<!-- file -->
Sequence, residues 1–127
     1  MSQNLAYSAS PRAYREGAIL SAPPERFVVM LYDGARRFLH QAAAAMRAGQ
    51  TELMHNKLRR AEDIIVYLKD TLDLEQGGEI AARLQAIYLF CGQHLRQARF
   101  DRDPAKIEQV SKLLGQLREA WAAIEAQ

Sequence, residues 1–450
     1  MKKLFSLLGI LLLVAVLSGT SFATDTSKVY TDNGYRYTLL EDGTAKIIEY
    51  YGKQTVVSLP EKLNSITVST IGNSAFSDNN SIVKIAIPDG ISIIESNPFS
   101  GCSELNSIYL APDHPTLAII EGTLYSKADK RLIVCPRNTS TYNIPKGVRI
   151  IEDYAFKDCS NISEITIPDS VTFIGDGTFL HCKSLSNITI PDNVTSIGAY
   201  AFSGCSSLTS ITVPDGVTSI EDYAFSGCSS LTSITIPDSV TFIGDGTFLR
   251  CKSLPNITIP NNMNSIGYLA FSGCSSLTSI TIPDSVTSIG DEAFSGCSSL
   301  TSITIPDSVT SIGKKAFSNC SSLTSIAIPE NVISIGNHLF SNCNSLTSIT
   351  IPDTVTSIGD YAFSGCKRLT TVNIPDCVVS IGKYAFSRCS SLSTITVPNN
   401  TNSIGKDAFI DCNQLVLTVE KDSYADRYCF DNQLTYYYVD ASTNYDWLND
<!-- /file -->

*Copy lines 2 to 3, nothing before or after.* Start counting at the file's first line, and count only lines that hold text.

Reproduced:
     1  MSQNLAYSAS PRAYREGAIL SAPPERFVVM LYDGARRFLH QAAAAMRAGQ
    51  TELMHNKLRR AEDIIVYLKD TLDLEQGGEI AARLQAIYLF CGQHLRQARF